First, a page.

Should you practice what you preach?

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We all know the answer to this of course, but just because this is so, it doesn’t mean it is always true or happens in practice.

We know that the Google search engine continually and constantly develops. In the last few years there has been a big push and drive to ensure websites are mobile friendly and compatible – especially with news such as search on mobiles have outweighed those on desktops etc.

One of the factors as part of the ‘push and drive’ to make websites mobile friendly is page speed. It is obvious and goes without saying. Our lives are fast paced and hectic enough, and there is nothing worse than waiting and waiting for something to load. You would think then that when it comes to the Google search engine loading on a mobile, they would be ‘hot’ on this and it would be one of their top priorities? Not necessarily…

Some research has been spotted by a poster on Hacker News (see: https://news.ycombinator.com/item?id=11132808) which shows that when it comes to mobile search engines, Google is one of the slowest to load. This is not hard research based on complicated algorithms either. Infact why not try it for yourself? Load up a page speed tool and test Google against some of the other search engine competitors. You will probably find that the figures do indeed show this to be true.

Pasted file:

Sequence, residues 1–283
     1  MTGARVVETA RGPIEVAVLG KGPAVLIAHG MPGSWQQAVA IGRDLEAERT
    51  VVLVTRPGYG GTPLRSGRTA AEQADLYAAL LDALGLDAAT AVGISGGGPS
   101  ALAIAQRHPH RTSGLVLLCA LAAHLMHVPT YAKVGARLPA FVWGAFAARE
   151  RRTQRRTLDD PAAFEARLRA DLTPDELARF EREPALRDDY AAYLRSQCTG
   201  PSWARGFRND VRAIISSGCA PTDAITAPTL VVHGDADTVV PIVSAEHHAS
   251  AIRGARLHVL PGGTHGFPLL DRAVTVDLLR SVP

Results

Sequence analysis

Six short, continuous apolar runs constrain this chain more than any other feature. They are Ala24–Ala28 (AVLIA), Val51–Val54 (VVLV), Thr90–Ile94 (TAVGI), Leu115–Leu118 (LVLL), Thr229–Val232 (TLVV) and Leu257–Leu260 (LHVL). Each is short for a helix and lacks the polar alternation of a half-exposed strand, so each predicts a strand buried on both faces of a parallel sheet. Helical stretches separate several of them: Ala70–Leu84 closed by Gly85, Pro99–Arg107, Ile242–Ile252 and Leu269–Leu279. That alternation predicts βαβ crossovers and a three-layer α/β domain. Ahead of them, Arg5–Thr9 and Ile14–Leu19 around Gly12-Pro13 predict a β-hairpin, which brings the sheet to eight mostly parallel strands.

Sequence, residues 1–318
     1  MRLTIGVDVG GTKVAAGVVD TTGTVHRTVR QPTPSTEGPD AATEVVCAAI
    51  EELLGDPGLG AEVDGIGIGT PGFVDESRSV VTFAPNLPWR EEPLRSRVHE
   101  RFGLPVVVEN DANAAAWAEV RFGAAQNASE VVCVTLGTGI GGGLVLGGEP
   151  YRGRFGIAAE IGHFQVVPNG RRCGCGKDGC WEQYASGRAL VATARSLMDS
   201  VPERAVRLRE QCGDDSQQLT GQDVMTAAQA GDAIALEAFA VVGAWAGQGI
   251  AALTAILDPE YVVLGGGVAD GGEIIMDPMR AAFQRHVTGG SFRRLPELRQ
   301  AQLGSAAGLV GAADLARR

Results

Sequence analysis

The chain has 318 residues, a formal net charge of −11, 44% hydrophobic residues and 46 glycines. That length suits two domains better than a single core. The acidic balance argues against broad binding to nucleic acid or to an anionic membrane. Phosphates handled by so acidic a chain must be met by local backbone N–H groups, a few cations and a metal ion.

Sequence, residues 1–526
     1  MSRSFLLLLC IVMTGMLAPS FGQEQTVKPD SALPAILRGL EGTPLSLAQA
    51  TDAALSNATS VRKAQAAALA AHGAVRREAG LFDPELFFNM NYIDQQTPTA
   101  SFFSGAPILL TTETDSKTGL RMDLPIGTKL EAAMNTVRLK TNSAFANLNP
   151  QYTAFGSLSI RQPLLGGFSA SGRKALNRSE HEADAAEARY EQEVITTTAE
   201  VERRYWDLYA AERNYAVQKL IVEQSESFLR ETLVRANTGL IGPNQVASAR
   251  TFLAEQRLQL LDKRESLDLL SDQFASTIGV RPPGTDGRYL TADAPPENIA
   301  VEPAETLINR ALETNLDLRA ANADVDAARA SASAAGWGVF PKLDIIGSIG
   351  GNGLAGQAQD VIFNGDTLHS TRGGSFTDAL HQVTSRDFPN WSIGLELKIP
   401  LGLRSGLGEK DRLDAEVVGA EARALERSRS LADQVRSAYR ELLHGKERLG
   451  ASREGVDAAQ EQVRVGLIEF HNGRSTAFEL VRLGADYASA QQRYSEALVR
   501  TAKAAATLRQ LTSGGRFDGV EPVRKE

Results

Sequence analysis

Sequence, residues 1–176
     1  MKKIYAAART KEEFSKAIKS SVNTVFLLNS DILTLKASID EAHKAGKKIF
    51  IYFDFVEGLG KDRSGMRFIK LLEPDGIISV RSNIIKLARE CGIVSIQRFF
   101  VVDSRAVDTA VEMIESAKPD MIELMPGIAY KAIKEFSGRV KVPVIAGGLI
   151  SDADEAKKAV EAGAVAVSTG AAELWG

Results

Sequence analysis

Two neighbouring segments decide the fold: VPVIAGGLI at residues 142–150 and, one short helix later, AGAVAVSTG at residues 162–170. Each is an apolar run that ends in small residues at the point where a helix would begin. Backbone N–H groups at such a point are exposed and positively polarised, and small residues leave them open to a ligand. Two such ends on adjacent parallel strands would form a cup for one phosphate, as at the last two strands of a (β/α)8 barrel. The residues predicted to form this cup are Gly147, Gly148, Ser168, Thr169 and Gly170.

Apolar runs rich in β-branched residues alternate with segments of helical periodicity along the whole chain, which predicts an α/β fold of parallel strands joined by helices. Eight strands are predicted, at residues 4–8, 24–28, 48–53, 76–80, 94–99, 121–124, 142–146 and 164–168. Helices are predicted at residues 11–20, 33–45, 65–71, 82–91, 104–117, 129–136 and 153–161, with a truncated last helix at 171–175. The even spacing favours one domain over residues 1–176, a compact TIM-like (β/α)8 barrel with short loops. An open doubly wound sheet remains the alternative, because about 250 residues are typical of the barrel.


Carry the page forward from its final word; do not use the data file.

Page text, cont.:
Looking a little deeper into this, it makes for some quite interesting reading and statistics. It was discovered that Yahoo was the fastest loading search page on the mobile. It is rather ironic then when figures show that Yahoo’s mobile search audience is only around few percent, yet Googles is well over 90%!

It has been found that what is slowing Google’s mobile search speed down is problems with content showing ‘above the fold’ (i.e. what is displayed as you open a website – before you need to undertake any scrolling.) JavaScript and CSS are being cited as the problems in relation to this.

Google’s latest development and advancement (Accelerated Mobile Pages) is in the pioneering stages. We wonder whether this will change anything and avert the problems described? Afterall, Google can hardly preach otherwise!

While you are on our site, have a look at our case studies page to find out about some our clients, and how we have improved their campaigns.

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